A Child Called It, by Dave Pelzer, chronicles the unforgettable account of one of the most severe child abuse cases in California history. It is a heart wrenching true story about a child’s survival of one of the worst child abuse cases ever reported in California history.
Dave Pelzer lived in a world of starvation, cruelty, and torture from the age of four until his rescue by courageous school officials at the age of twelve. This autobiography will both horrify and inspire all who read Dave’s incredible journey through the dark insanity of his mother’s rage.
Dave slept on an old army cot in the basement, and his clothes were torn and raunchy. When his mother allowed him the luxury of food, it was nothing more than spoiled scraps that even the dogs refused to eat.
His mother often threatened to kill him and once that lead to her accidentally stabbing him with a knife. She patched up his bleeding stomach but didn’t take him to the hospital.
Despite all the pain she inflicts and the blood she draws, Dave’s mother rarely shows the slightest sign of remorse.
The outside world knew nothing of his living nightmare. He had nothing or no one to turn to, but his dreams kept him alive–dreams of someone taking care of him, loving him and calling him their son.
A Child Called It PDFDave Pelzer – A Child Called It
Dave discusses the substance of child abuse in the book. He touched on the specific actions his mother perpetrated on him and the physical and psychological effects that her actions had on him.
Some of his mother’s abuse was purely physical: she beat Dave, whipped him with chains, forced him to eat feces and vomit, and committed countless other atrocities.
Dave’s mother went to great lengths to isolate Dave from his classmates and family. She forbade him from eating or playing with his brothers and made his classmates dislike him.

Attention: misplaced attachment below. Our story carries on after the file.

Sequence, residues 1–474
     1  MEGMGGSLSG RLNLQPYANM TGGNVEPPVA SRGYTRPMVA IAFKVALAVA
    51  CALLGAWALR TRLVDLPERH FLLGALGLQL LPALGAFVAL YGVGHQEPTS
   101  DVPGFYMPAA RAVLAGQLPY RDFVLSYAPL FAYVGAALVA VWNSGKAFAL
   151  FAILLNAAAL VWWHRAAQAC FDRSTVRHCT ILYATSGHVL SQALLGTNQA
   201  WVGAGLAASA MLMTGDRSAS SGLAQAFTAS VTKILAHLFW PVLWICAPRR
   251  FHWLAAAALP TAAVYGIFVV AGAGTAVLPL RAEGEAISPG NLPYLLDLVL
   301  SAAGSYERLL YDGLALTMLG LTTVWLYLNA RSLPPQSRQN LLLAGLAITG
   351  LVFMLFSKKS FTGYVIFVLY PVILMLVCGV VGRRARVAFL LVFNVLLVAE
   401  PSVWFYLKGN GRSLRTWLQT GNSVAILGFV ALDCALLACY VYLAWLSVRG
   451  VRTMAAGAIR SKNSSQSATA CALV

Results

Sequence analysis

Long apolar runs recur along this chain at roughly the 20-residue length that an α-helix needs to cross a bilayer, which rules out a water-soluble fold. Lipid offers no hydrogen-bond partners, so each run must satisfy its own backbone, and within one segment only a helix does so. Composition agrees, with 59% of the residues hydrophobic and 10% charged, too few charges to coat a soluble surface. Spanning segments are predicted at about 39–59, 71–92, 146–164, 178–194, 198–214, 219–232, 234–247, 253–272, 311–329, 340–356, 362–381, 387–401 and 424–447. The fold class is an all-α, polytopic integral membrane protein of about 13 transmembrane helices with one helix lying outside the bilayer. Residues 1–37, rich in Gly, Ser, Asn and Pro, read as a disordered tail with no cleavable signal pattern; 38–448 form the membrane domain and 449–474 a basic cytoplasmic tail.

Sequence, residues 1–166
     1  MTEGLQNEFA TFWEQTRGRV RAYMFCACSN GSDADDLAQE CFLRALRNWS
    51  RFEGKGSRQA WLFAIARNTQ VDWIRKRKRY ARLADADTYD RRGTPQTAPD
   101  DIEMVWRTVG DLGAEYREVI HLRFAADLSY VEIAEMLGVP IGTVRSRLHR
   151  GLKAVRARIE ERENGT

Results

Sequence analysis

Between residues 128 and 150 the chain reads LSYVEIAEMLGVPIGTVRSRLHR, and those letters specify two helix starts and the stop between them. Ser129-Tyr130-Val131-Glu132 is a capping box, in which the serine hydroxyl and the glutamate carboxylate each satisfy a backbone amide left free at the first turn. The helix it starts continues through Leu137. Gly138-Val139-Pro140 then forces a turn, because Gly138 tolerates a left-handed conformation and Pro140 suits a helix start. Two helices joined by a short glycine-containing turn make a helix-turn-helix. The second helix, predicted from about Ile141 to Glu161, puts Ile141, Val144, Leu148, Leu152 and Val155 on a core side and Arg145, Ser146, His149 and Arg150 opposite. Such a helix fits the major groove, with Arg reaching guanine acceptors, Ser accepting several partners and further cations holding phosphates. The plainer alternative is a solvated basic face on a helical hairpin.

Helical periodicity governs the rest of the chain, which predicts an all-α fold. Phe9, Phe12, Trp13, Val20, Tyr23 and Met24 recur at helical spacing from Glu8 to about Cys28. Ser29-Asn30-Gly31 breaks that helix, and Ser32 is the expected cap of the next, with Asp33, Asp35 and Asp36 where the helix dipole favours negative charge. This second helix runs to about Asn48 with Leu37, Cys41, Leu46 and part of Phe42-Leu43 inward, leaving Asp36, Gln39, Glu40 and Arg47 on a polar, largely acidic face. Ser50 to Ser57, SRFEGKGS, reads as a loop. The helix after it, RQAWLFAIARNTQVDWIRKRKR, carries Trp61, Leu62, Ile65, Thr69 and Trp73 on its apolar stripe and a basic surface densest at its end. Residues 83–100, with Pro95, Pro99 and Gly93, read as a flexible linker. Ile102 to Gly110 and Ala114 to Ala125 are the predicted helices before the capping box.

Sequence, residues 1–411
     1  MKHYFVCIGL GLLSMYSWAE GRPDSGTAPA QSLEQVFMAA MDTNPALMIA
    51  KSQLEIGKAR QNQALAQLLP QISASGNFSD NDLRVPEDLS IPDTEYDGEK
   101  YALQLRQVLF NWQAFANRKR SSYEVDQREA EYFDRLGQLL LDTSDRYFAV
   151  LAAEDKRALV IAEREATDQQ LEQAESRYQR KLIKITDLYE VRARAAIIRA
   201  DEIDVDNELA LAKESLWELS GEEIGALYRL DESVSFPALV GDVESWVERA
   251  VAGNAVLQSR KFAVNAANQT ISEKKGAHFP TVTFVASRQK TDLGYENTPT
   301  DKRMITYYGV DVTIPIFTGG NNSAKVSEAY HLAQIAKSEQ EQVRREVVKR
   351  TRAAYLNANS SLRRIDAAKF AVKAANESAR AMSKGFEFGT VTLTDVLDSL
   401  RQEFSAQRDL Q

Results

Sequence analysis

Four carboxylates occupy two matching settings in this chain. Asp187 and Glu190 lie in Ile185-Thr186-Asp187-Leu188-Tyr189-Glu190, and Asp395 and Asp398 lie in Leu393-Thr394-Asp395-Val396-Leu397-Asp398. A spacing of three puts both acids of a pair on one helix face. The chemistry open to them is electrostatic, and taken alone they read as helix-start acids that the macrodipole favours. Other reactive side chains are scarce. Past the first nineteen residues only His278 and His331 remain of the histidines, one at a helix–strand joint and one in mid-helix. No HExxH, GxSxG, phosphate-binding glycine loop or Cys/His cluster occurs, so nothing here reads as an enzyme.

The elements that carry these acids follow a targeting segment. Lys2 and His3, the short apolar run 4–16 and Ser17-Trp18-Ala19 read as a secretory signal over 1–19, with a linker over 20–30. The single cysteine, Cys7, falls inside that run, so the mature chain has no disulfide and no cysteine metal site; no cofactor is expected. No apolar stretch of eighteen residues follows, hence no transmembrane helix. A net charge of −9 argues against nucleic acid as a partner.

By isolating Dave from other people, she made Dave weaker and more dependent on her, while also limiting the possibility that a friend’s parents might notice that Dave is being abused.
Dave’s depiction of child abuse provides a sobering account of a little-discussed side of life. By writing and lecturing across the country, he has increased awareness of child abuse and inspired people to speak out against abusive parents.
The autobiography also suggests that the greatest harm of child abuse is often psychological, not physical. In the case of Dave Pelzer, his mother abuse left him with a lasting sense of hatred – both for other people and for himself.
After many years of abuse, Dave’s life became so miserable that he came to envy and resent other children who lead happier lives than his own. In particular, he came to despise his brothers, who his mother didn’t abuse, and his classmates.
One of the greatest tragedies of child abuse is that, very often, people who were abused as children grow up to abuse their own children, creating a cycle of cruelty, trauma, and hatred.
The book does more than simply list the evils of child abuse. It shows that Dave Pelzer escapes the cycle of abuse and learns ways of gaining some control over his trauma.
Neglect and the Normalization of Evil
One of the most startling things about the book is that for many years, and in spite of the obvious signs that Dave’s parents are abusing him, nobody alerts the authorities.
Although it was Dave’s teachers who made the decision to call Child Protective Services when Dave is in fifth grade, Pelzer makes it clear that there had been signs of abuse years before.
Even if ignorance of child abuse can explain some of the neglectful behaviour in the book, it can’t explain why Dave’s father and brothers allowed his mother to continue hurting him, year after year.
Dave’s family’s behaviour suggests a disturbing possibility. Over time, many people can grow accustomed to cruelty, even if it’s inflicted on their own family members.
In all, the book paints a disturbing picture of human nature. His mother was a cruel, evil woman, but her evil would’ve been impossible without the neglect and tacit support of her family and her entire community.